Many players are able to get by just getting on the court each day and doing what they know best. While it is sometimes good to have this mindset, what makes the toughest and most well-rounded players are those who have a good idea of perspective. Perspective can come in many forms, but often times you will find it during the most difficult of circumstances. When you do find it, it can change everything, on and off the court.
Devon Moore, a former youth and high school teammate of Trey Burke and Jared Sullinger, recently finished up his senior year at James Madison University. Moore, who already missed a season due to a knee injury, was in for a much tougher.
Moore had major plans going into his senior season, but in October, before the season started, his mother was diagnosed with brain cancer. How moored handled this would set the tone for his season. “Seeing her fight and what she was going through, it made me play and pursue the game in a whole different way,” said Moore. “It gave me a different perspective on life and basketball. Everything is not handed to you, so you need to work as hard as you can and enjoy every moment.”
His mother’s illness also taught him the importance of a strong support system. “It was definitely a blessing from God,” said Moore. “There were times I wanted to throw in the towel, but my support system, both at James Madison and my family wouldn’t let me. Now, every time I take the court, I know this is my dream and I have to live it to the fullest. My mother encouraged me to keep going after it.”
Devon is happy to say that his mother is doing better and still fighting.
Between all of these situations, Moore was able to still thrive as a player in college, and one area in particular stood out. “I started watching a lot more game film, especially after I got hurt,” explained Moore. “Watching the game in that way gave me a much different perspective on basketball, especially the different types of players and plays you will see.”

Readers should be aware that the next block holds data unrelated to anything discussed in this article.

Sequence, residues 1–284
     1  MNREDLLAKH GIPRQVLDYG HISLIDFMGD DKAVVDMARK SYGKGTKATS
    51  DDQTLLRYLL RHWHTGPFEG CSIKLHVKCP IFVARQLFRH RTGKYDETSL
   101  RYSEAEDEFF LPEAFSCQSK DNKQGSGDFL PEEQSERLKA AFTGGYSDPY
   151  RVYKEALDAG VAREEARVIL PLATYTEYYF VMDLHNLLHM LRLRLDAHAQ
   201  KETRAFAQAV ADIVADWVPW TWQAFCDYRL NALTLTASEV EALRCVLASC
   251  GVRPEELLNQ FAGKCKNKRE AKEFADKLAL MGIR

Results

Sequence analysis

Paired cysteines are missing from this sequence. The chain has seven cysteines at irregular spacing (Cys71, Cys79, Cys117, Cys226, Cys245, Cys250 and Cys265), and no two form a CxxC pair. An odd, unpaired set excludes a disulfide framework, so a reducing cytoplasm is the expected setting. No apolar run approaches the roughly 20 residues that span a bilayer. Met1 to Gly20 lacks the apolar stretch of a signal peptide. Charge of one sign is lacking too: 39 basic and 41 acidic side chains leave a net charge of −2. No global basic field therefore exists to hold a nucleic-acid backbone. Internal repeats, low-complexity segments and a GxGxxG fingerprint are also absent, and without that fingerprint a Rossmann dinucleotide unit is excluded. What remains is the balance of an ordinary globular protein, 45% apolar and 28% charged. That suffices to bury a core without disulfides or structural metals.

Moore’s ability to focus and the strength provided from his family allowed him to have his best college season yet, which finished with James Madison making their first NCAA Tournament appearance in almost 20 years. “It was the best experience of my life,” said Moore. “To finally make it my senior year, it was fun and exciting. I was blessed to have that opportunity.”
Moore was also named 3rd Team All-Colonial Athletic Conference and was named to the CAA All-Tournament Team this past season.
Moore, who graduates on Saturday, is preparing for showing teams at the next level what he can do. “A lot of guards these days look to score first,” explained Moore. “I like to think of myself as an old-fashioned point guard who looks to get everyone involved. I can be a leader, get the big man the ball, and defend the team’s best player.”
Knowing that there will be a lot of competition wherever he plays, Moore knows he needs to improve areas of his game. “I want to work on getting stronger, which will allow me to hit more shots when I drive to the basket,” said Moore. “I also want to work on my jumper. You got to be able to hit shots and stretch defenses.”
Moore knows that there is still a lot of work ahead of him, but he knows he has a lot to offer. “Day in and day out, I will give it my all and work hard every day to help my team,” said Moore. “I want to win, and I want to help in any way I can.”
Devon Moore has already shown how he can handle, and even thrive during, adverse circumstances. Focus and determination, along with a good dose of perspective, will likely pave the way to a bright future for Moore and his family.
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